Maneuvering the curvacious corners of Yas Island Marina Circuit in Abu Dhabi at 140 miles an hour in a rare sports car is any adrenaline junkie's dream, though likely never more than a fleeting midday fancy for most of us.
Enter Forza Motorsport 5, a launch day game destined for the Xbox One and a title bound to fulfill a championship series fantasy or two. We put the peddle to the metal in the heart-thumping, smile-cracking racer at a recent Xbox One Games Preview Showcase hosted by Microsoft in San Francisco.
This is the sixth title in the Forza franchise, and we chatted with Turn 10 Studios creative director Dan Greenawalt about what makes Forza 5 stand out, especially as it works with Microsoft's new console.
"The things we're doing in physics and having the 1080p shoot these materials, last generation doesn't have the power to do that," he said of developing for the Xbox One. "Things like Azure, multiplayer, the cloud base - we could have done that last generation but it would have taken half of our staff."
Taking away the labor pains
Tapping into Microsoft's resources was a major advantage in creating the game, Greenawalt said. He's talked to TechRadar before about the collaboration between different parts of the company (Turn 10 is a first-party studio), but this time pointed to specific advantages inherent in the Xbox One that helped create the Forza 5 experience.
"We wanted an OS that would get out of our way, that would allow the developers to really focus on game play and making beautiful great games, and the OS is fantastic," he said of the console.
"We've got a game that's 1080p native, runs at 60 fps. We've got a new take on shaders that allows us to do orange peel in the paint, the metal fleck, really recreate the look of leather and stitching and all of that. It's an all new graphics engine, it looks beautiful, and that was really about taking advantage of the architecture of the Xbox One."
Using Azure for the game's cloud AI took the burden of deployment off the developers' shoulders, and thanks to dedicated servers and Smart Match for multiplayer, Turn 10 could worry about laser-scanning cars over algorithms.
"I'm starting to sound lazy," Greenawalt joked, "but really it's about resource management."
Our car took a beating in our Abu Dhabi race, cracking windows and rubbing paint wherever guardrail and competitor contact was made. Attention to detail is a hallmark of the game, even down to weeds coming up through tire cracks.
Greenawalt said that Turn 10's Chief Architect Chris Tector was in on Xbox One architecture discussions from the start - "chipsets, front sights, front bus speeds, the whole nine yards basically."
"There were some things he thought the next generation should be about. We already were pushing pretty good poly count and texture resolution last generation, but we wanted to do was do more with materials, with atmosphere, with air you could taste, having more bloom, having a lot more fogging, doing more with particles that really bring the world to life. And a lot of it was about the imperfections that make our world look real, be it damage or other," Greenawalt said.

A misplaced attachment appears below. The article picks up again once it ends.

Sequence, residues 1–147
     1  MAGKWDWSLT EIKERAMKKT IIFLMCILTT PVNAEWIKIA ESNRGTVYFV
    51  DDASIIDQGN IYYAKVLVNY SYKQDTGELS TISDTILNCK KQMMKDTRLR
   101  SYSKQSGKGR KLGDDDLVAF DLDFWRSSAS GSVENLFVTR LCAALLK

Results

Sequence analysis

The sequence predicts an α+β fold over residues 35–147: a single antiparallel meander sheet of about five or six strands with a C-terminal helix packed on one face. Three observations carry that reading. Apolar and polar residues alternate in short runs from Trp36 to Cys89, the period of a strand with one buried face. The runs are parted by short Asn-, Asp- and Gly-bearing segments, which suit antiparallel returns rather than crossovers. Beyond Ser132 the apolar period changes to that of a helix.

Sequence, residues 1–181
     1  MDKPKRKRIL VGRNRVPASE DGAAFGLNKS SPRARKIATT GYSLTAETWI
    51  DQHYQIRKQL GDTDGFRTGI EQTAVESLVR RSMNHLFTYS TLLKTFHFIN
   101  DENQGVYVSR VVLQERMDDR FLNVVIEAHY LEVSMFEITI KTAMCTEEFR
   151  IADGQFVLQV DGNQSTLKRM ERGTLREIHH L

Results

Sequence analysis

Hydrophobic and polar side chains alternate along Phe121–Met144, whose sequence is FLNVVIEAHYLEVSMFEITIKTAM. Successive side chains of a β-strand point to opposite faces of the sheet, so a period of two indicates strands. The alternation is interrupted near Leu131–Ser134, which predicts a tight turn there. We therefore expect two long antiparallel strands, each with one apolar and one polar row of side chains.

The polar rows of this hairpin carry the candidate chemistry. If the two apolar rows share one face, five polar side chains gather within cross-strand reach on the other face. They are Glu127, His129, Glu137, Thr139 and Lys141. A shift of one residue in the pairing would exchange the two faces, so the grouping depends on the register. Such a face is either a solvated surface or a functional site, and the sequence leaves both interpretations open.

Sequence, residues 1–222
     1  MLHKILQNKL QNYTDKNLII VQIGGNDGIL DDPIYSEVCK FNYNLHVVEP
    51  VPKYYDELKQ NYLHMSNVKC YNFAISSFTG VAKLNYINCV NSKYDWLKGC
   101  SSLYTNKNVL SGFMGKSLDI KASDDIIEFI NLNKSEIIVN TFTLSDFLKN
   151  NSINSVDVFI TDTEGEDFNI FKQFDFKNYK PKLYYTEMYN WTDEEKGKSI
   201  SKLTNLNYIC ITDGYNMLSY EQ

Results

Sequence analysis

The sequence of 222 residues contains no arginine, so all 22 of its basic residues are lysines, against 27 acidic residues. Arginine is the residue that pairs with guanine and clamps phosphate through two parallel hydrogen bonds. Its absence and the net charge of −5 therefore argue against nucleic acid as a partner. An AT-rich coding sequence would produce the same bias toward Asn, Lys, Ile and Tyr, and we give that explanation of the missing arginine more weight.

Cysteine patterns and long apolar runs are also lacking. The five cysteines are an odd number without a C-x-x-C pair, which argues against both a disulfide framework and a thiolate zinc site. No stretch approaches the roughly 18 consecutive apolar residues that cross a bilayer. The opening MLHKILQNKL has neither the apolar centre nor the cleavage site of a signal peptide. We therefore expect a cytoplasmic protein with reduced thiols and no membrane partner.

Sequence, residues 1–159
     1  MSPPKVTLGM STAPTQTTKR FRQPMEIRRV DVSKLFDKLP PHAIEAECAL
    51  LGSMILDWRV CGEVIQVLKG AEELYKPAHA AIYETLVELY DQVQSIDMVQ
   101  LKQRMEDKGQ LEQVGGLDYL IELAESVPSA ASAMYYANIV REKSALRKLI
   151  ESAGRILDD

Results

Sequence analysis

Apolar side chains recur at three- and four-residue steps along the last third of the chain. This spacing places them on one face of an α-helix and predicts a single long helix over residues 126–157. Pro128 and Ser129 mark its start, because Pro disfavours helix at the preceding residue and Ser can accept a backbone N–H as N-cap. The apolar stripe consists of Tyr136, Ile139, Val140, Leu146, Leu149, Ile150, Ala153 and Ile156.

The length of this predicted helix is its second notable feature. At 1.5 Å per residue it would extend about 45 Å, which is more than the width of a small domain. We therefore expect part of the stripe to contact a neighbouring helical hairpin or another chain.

"So by having that vision years and years and years ago, we were able to bring that to the hardware team and say, 'There are certain architectural decisions that would make it easier for us to do materials quickly, to do atmosphere quickly.'
"With Forza Motorsport 4 on the Xbox 360, we had million poly cars that looked amazing, it really wasn't about the poly count any more. We still have huge poly count cars, it's just that's not where the game is this generation."
Are you not entertained?
As for the vibe of the newest Forza, Greenawalt explained it's about much more than lining your virtual wall with 42 racing ribbons.
"We're in the racing genre, but I've always thought of Forza as a car game," he said. "Racing is part of how people express their car passion, but also we're famous for our painting. People paint incredible works of art, and when you play the full game, paint jobs are curated from the community straight into your world and you don't have to pay for it. For me, it was not just about racing, it's about painting, it's about tuning, it's about sharing with other people.
"If you're going to say the overall tone of the game, we had this idea that racing is an exciting, adrenaline-filled, violent endeavor.
"So when you're not painting, you're not tuning, you're actually on that track and racing track to track, we treat this more like it's a gladiator's journey. You're in a foreign land, the drums are just over the hill. You can hear our music is more orchestral. It's got more chorus, so it's a little more emotive of say Ridley Scott's Gladiator."
There's a clear contrast between Motorsport 5 and Forza Horizon, the last Forza title to hit the pavement.
"Forza Horizon was more about music," Greenawalt said. "It was still about cars, but it was more on the music, social side and exploration. [Forza 5] is much more about precision, mastery and danger."